So the cellist is important for one of the three main characters, 'Arrow', but he is not a character in the novel. 'Arrow' is in place one day in time for the cellist's regular appearance to play the same piece of music in the same place at the same time each day. The story acquires some tension as we wait through 'Arrow's' uncertainty as to whether she can spot a sniper. And the following day, when the cellist appears again, she successfully kills the sniper before he can get a shot at the cellist. From memory, the cellist makes one more appearance in the book, when one of the other characters happens to be near the place where he emerges to play each day, and therefore chances to see and hear him. Yet this shadowy non-character is used for the title of the book, and he is a real person, who did indeed become briefly known as 'the cellist of Sarajevo'. I find it strange and discomforting that a real, living person should be used by the author as an anonymous, voiceless character, about whom we learn nothing.

In the end, I read my way through the book - it is easy and undemanding reading, and the book is quite short - and spent time in imagination with the mostly inconsequential experiences and unremarkable thoughts of the author's trio of unconnected, uncommunicative characters. But to what end?


The Book Thief
The Book Thief
by Markus Zusak
Edition: Paperback
Price: £5.59

5.0 out of 5 stars Strange, simply told and deeply touching, 11 July 2010
This review is from: The Book Thief (Paperback)
I read The Book Thief a busy couple of months ago, and I suddenly thought of it again today because I have been reading a thoroughly pedestrian English novel of manners that was boring. And the contrast between that and The Book Thief brought back to me how much that book had impressed itself on me. On reflection, I am sure that The Book Thief is one of the most significant novels of recent years.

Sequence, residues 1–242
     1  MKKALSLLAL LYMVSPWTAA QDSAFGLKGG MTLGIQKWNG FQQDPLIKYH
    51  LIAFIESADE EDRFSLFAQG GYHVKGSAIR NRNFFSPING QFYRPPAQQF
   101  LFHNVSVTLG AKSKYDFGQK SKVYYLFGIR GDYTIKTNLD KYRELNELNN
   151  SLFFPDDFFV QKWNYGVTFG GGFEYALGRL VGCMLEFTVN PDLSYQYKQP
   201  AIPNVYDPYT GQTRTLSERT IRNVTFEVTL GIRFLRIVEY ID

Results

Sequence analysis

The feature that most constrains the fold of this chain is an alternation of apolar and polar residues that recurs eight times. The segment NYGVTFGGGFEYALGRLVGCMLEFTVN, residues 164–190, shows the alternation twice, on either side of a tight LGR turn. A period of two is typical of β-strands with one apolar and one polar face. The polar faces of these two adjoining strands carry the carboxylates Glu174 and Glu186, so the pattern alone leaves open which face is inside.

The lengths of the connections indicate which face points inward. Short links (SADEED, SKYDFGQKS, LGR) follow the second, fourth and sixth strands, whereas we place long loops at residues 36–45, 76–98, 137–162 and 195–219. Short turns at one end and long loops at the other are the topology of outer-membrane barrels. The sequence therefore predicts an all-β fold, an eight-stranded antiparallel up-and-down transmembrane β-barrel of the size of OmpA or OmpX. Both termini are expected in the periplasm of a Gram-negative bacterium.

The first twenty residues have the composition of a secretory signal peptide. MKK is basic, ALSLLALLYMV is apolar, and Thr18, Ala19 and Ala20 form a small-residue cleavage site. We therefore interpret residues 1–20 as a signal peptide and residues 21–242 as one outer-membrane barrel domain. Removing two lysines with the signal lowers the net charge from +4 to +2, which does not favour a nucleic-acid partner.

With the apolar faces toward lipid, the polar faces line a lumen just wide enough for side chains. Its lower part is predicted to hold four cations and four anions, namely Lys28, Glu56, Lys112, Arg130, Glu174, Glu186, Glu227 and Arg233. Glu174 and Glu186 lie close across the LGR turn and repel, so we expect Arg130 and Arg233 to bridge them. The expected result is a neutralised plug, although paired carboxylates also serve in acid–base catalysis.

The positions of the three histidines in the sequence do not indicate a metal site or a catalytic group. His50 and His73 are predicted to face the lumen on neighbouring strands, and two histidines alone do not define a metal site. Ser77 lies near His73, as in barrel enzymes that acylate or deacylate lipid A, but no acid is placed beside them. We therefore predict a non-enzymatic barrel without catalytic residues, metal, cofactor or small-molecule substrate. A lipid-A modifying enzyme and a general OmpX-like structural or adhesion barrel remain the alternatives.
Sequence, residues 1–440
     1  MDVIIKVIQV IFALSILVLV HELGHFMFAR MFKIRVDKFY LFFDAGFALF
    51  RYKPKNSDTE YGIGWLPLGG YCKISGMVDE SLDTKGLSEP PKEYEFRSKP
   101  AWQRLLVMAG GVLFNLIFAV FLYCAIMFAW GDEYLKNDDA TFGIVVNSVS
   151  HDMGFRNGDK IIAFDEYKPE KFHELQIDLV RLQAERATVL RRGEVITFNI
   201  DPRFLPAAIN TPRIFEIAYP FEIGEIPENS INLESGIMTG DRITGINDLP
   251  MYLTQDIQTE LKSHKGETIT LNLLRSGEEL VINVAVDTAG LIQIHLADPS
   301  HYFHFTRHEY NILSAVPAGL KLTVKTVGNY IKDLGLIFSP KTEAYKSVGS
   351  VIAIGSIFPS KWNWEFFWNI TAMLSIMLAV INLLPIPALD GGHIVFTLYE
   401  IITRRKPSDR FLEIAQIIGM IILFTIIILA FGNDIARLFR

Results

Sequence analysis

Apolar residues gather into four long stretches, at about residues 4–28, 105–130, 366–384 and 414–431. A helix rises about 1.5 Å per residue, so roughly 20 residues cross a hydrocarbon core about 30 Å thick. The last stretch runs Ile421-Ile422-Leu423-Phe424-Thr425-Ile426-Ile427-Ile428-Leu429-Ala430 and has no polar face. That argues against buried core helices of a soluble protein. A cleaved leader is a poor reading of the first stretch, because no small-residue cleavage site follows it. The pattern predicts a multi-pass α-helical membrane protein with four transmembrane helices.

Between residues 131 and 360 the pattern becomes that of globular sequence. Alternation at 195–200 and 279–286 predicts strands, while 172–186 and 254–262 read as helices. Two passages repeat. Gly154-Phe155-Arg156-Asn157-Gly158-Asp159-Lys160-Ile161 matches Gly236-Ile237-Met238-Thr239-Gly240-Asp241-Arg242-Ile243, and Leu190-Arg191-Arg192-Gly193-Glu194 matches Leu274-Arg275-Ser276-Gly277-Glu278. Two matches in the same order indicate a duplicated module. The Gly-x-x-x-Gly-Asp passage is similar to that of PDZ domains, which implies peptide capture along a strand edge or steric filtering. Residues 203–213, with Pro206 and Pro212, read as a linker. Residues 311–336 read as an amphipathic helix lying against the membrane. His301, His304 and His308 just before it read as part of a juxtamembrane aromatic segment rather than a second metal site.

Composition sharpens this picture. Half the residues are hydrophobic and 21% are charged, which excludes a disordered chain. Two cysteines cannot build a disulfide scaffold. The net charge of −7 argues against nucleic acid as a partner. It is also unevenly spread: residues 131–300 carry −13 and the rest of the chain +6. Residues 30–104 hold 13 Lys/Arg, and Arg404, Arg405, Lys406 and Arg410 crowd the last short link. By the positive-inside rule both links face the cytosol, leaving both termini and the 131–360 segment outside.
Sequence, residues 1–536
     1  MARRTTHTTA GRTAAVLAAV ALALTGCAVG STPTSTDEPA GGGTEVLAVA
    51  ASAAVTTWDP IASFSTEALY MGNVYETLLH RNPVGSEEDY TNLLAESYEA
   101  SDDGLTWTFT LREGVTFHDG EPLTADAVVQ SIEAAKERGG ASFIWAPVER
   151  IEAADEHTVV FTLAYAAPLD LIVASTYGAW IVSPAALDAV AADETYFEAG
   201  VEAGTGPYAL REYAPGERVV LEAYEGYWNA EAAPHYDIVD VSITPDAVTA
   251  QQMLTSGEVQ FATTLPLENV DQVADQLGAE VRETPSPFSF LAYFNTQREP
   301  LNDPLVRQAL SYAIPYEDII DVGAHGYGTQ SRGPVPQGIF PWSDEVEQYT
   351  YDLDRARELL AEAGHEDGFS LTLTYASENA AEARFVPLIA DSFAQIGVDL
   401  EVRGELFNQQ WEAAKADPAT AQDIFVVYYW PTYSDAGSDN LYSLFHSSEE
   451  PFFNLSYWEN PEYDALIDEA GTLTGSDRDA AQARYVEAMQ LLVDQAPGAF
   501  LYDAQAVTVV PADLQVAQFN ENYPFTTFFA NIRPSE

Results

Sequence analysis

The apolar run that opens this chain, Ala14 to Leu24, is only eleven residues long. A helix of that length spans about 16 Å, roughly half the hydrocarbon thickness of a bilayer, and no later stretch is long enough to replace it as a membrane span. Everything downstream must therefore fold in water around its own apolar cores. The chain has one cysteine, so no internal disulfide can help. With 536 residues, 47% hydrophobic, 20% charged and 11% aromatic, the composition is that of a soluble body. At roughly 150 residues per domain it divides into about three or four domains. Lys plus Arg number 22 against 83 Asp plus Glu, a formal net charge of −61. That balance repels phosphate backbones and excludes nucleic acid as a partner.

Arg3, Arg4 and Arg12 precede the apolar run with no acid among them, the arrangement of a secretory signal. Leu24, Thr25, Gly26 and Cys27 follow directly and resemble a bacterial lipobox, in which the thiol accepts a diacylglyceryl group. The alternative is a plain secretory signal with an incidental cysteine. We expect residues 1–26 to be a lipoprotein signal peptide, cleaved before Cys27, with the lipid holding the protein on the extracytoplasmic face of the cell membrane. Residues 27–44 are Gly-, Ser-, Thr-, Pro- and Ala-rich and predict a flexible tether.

It is written in a fascinating way, and it only becomes clear at the end why the story is told by Death. It's a clever device, because Death was busy everywhere about the place, especially in the early years of the Second World War, gathering up the souls of people as they died. The story is set in a small town near Munich in southern Germany, and it begins in the years immediately before the war. For me, as someone who was born at that time and who recalls being a small child in England during the war, The Book Thief gives a startling and unexpected view of like in small-town Germany, among ordinary poor, working people. Things were bad, even before the war began, and they got worse, much worse, as the war went on. People in Britain were on short rations, maybe, but things were never so bad as what is described here - and that is without the role of the Nazi party and its officials.

It is also a clever device to make the central character a naive, poorly educated little girl, Liesl, who has lost her father and can never understand why her mother gave her up for fostering and disappeared. The slow emergence of her foster-parents as quite different from how they first appear when Liesl finds herself the only child in their poor house is beautifully managed. The story is heart-rending, and the foreboding that things will not go well for Liesl is unspoken but implied by the fact that Death is the story-teller, and he is constantly watching her. How much of an impact the novel has had is clear to me because I can recall most of the characters, and many of the events and incidents in the story. But what is even more impressive is that, as I remember reading the book, its atmosphere comes back to me and it is as if I had put the book down two minutes ago. It is hard, but it is extraordinarily rewarding.